Butler County History in Plain Sight: A Wilderness Fort and Canal Systems
18 April 2020- Butler County Connect Staff
Editor’s Correction: The article originally stated the Butler County MetroParks as managers of this historical site. That information was incorrect. The site is managed by the Miami Conservancy District (MCD) and has been since June 1. 2009.
MIDDLETOWN, Ohio – The Excello Locks is known by many to be the home to remnants of a lock on what was the Miami and Erie Canal system. But did you know that the site was also home to a wilderness fort during the late 1700s?
Morrell’s Station More Butler County History Articles here
Known as Morrell’s station, the pioneer settlement was built in 1791. Named after Dr. Calvin Morrell, one of the early settlers, the fortress was located near the confluence of Dick’s Creek with the Great Miami River. According to the MidPointe Library System’s online database, the wilderness fort was home to five families, and was home to a blockhouse-style structure. Pioneers and families of settlers would pass through as they made their way west during the United States’ era of manifest destiny.
The fortress was shuttered in 1805, as Dr. Morrell and the other families moved to a Shaker community in Lebanon, Ohio. Today, the site of the former Morrell’s Station is marked by a granite monument on the south side of the Excello Locks.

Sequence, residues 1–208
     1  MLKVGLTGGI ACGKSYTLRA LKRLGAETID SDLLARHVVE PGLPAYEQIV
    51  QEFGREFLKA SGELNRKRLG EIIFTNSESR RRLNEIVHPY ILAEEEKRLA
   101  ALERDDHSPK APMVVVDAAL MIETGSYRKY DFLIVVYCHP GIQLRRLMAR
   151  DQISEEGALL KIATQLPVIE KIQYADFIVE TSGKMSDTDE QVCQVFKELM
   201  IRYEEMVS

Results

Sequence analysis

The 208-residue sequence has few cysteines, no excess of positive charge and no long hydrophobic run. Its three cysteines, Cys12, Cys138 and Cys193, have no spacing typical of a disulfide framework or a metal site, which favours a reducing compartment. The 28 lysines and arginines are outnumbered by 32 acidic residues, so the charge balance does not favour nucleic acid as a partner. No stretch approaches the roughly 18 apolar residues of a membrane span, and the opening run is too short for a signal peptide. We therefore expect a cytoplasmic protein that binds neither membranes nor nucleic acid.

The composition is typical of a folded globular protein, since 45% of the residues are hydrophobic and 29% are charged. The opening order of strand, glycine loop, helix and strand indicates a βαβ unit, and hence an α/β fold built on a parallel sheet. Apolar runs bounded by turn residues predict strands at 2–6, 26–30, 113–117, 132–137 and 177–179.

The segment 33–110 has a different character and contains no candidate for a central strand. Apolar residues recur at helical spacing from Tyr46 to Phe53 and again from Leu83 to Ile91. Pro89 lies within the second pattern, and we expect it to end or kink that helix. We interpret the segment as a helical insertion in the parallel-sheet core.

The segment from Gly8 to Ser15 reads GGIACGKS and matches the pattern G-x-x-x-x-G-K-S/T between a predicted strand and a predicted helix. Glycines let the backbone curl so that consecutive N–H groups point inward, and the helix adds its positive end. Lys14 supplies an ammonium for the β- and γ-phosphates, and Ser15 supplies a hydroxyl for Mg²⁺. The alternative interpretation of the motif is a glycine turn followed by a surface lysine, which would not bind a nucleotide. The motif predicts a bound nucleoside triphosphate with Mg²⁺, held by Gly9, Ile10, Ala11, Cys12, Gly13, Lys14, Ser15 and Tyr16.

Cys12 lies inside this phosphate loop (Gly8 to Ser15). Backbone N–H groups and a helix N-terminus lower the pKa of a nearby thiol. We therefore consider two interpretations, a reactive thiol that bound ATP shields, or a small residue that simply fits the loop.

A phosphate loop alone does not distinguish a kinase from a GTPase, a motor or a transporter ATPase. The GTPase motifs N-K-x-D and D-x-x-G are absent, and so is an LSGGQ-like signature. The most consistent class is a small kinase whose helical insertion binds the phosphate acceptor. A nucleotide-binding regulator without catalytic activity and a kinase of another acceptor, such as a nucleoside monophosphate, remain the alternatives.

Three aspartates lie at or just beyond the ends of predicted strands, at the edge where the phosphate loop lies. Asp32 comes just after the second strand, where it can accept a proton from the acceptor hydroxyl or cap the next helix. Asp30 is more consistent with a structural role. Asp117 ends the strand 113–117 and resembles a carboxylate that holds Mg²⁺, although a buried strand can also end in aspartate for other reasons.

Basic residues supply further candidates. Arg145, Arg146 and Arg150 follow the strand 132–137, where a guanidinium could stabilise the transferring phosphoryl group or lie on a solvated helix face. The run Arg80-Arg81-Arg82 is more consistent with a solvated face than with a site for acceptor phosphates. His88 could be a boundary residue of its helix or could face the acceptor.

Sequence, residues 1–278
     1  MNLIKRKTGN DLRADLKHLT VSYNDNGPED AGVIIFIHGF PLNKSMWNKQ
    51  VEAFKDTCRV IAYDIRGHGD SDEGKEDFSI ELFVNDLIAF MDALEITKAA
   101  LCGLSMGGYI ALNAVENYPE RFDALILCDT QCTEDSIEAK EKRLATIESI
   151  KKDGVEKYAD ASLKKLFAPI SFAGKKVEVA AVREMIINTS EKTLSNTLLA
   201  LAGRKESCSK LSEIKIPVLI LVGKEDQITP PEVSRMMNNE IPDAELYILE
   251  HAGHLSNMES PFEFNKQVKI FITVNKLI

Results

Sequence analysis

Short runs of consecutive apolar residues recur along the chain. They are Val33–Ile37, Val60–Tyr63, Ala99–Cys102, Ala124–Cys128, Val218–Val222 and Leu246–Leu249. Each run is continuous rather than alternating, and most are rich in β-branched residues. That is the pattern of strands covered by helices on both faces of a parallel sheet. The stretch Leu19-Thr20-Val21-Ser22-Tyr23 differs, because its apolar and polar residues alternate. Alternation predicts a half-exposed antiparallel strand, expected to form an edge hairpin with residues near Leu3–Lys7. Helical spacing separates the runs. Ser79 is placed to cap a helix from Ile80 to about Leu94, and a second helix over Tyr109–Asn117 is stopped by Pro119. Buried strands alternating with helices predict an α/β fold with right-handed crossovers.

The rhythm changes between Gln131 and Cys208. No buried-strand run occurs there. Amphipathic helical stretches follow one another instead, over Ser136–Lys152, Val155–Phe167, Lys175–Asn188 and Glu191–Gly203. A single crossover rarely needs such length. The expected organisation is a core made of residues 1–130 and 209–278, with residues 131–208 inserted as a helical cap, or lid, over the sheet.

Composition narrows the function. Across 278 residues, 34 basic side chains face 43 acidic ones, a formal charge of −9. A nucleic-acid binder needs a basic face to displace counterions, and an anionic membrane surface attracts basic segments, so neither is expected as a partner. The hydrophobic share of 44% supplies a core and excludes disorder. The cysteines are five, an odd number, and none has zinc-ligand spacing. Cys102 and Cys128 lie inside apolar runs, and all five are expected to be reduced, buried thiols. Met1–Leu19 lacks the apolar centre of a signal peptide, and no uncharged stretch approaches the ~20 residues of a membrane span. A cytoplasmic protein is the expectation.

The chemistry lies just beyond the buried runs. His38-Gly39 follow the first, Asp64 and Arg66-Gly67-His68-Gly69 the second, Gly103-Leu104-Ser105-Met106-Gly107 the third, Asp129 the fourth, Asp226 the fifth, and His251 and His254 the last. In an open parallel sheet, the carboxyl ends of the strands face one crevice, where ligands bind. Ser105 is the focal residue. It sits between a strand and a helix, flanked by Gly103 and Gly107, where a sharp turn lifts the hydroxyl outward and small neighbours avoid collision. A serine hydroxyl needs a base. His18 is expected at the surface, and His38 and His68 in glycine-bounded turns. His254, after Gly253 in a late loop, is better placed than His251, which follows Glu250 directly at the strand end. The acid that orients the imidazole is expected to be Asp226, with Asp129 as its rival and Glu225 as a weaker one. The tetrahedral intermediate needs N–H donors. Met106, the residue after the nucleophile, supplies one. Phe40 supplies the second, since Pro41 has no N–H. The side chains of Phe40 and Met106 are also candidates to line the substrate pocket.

Miami and Erie Canal
In 1825, the Excello Lock was the first lock built on the Miami and Erie Canal, following authorization by the Ohio General Assembly. The canal system was used by large barges to transport goods from the Ohio River in Cincinnati to Lake Erie in Toledo. Barges were pulled up and down the 274-mile canal by large horses, mules, and oxen.
After railroads were completed in the mid-1800s, the canal gradually saw use decline towards the end of the century. In 1913, severe flooding rendered the canal useless, and it was abandoned. Small portions of the canal, including the remnants at Excello, are all that remain today.
The Excello Lock structure can still be viewed today at the Excello Locks near Middletown. Its remnants serve as one of the last reminders of the once-booming canal systems of Ohio.